Interim clerk prepares for election season

By: Thomas Franz | Macomb Township Chronicle | Published July 27, 2016


MACOMB TOWNSHIP — Interim Township Clerk Ed Carey hasn’t had much time to settle into his new role within Macomb Township before preparing for a busy election season.

Carey was appointed by the Board of Trustees June 22 to become the interim clerk following the retirement of Michael Koehs in early June. Carey picked Mickey Todd to be his deputy clerk.

Despite the short notice of taking over their positions just prior to the Aug. 2 local primary election and November general election, Carey and Todd hope to use their decades worth of experience to ensure the elections run smoothly throughout the township.

“It’s been challenging because we lost our two leaders when Michael (Koehs) and Jimmy (Gelios) resigned. You can’t replace those two guys,” Carey said. “(What) they had, it’s just something that’s irreplaceable, so we’re doing what we can to get this election held without any major problems.”

Carey was a 14-year veteran of the Clerk’s Office before being picked for his new position. He said that he will be able to return to his old position of campaign manager following the general election. Prior to his manager position, Carey served as campaign supervisor in the township for a decade.

Todd was the city clerk in Harper Woods for nearly 30 years prior to starting his position as an elections coordinator in Macomb Township more than four years ago. Todd is a candidate for the clerk’s position in the local primary.

“We both have extensive experience, and we know the process,” Todd said. “Ed knows the process more from a county perspective, I know it from more of a local perspective, so between the two of us, we’ve developed a system that’s pretty efficient.”

Despite sharing several decades of experience, Carey said it’s a new feeling to be the leader of the office during an election now.

“It’s a different feeling when you’re the one that’s leading the group rather than being the one that’s following, but I felt like as much as I was reluctant to take the job, I felt like I had to because I owed it to the staff here to step up and try to help out,” Carey said.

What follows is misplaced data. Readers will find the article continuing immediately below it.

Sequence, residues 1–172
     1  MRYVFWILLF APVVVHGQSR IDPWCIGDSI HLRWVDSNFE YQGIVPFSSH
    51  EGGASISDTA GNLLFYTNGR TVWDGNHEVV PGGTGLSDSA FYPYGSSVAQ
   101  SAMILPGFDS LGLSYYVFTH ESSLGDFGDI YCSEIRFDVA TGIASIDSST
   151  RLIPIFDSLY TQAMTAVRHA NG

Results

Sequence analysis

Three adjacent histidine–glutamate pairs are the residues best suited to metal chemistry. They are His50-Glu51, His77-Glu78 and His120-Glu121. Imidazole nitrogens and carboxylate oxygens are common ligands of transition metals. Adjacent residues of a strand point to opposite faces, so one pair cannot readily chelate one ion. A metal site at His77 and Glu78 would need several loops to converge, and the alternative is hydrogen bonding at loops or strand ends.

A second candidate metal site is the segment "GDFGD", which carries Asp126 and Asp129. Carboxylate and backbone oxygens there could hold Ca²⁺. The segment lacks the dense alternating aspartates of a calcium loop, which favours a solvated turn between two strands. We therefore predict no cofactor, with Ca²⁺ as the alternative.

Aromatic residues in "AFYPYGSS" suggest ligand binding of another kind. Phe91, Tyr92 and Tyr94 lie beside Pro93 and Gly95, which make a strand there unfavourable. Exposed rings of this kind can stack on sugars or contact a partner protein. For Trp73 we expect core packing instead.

As for the actual election, Todd said the township mailed 8,371 absentee ballots, and it had already received 40 percent of the ballots by July 20. Todd said the township averages sending 6,000 absentee ballots for a local primary, but the township has campaigned to increase the number of absentee voters.

“It’s more of a convenience. You see increasingly throughout most of the United States and Michigan more of an opportunity to vote by mail,” Todd said. “A lot of folks in Macomb Township are working and commuting, and I think those folks should get an option to have a ballot be sent to them ahead of time. Plus, it’s a more informed way to go about voting. You can look up information about candidates, and you can make a more prudent decision about who to elect.”

Todd and Carey said the Clerk’s Office has hired seasonal workers to prepare and staff precincts on local primary day, but their main concern is aging equipment that is becoming prone to breakdowns.

Todd said the election tabulation equipment used in the township dates back to the ’90’s.

“Most of the equipment used in the country today, particularly ours and throughout Michigan, is old and subject to a mechanical or electronic failure,” Todd said. “The state needs to move forward certifying new election equipment so we have a 21st-century voting system instead of what we have now.”

Todd will be opposed by fellow Republicans Charles Missig and Kristi Pozzi in the race for clerk. Since there are no Democratic opponents, the race for clerk will essentially be decided on primary day.

Despite many races being decided on primary day, Todd said turnout for local primaries in Michigan is only about 16 percent.

“A lot of people will bypass voting in the August primary, even though in our case for the township, that’s a critical election because essentially whoever gets elected or receives a nomination in this election cycle will be the future appointee,” Todd said.